Purposes: Skin-to-skin care after birth often is absent, interrupted, or delayed for routine procedures. The purposes of this project were to improve skin-to-skin care and exclusive breastfeeding at hospital discharge.
Methods: For Part 1, we used a descriptive observational design, with video-ethnography and interaction analysis (PRECESS-Practice, Reflection, Education and training, Combined with Ethnography for Sustainable Success), during a 5-day quality improvement pilot study in a U.S. hospital (August 13-17, 2010). For Part 2, we used electronic health record review to test for differences in monthly rates of skin-to-skin care and exclusive breastmilk feeding (baseline, July 2010; post-intervention, August-December 2010).
Results: In Part 1, 11 mothers and babies participated: 10 (91%) received immediate skin-to-skin care, eight (73%) received uninterrupted skin-to-skin care, nine (82%) planned to breastfeed, six (67%) of these babies were exclusively breastfeeding at hospital discharge, and five (83%) of the six babies who completed all nine instinctive stages during skin-to-skin care were exclusively breastfeeding at hospital discharge. In our subsequent review (Part 2), we found a significant improvement (25% above baseline) in the overall rate of skin-to-skin care across post-intervention months (Pearson χ(2)=23.798, df=5, p<0.000), predominantly from improvements in the cesarean section population. The rates of exclusive breastfeeding showed no significant change.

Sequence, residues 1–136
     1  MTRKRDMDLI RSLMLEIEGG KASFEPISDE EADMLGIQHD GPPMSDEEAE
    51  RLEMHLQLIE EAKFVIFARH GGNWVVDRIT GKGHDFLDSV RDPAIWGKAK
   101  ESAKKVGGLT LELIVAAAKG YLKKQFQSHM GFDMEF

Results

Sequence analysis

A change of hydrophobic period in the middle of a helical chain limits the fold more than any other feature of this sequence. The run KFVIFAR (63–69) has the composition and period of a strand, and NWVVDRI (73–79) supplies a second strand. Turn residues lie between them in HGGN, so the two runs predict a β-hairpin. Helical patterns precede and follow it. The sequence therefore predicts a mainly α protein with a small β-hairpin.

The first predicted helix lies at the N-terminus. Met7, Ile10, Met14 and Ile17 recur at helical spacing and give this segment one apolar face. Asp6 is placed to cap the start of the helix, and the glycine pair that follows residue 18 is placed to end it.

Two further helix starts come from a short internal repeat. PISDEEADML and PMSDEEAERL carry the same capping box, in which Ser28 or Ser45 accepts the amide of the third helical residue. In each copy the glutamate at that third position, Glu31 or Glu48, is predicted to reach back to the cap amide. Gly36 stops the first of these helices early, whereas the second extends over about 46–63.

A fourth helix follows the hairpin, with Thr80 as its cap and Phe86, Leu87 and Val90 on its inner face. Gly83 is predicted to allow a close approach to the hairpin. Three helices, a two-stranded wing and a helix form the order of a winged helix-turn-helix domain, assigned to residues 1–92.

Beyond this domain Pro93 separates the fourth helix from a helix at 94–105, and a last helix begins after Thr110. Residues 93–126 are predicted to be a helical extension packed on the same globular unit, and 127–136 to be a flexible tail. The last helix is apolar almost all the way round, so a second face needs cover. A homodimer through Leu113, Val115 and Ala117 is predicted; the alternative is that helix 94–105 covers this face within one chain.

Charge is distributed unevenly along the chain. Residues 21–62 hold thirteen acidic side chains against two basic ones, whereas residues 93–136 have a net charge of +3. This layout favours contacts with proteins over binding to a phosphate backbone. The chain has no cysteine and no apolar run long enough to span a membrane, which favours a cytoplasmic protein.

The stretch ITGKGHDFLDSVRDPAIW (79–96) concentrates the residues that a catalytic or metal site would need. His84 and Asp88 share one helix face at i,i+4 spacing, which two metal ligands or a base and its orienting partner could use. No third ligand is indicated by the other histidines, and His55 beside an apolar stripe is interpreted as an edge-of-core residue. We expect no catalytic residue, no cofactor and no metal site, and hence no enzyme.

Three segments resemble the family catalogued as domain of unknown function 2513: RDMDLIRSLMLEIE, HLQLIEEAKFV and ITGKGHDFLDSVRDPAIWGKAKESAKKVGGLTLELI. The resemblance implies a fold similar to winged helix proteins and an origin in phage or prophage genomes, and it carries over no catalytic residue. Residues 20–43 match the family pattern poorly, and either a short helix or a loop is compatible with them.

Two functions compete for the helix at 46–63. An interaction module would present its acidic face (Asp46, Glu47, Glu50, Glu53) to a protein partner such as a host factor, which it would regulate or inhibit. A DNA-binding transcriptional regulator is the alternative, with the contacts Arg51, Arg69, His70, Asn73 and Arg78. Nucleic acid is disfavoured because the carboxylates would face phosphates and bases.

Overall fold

Conclusions: The PRECESS immersion method may help to rapidly improve skin-to-skin care. Babies who undergo all nine stages during skin-to-skin care may be more likely to exclusively breastfeed. Mothers need support during skin-to-skin care to recognize their baby's readiness to breastfeed. Skin-to-skin care during cesarean surgery may reduce maternal stress and improve satisfaction with the surgical experience.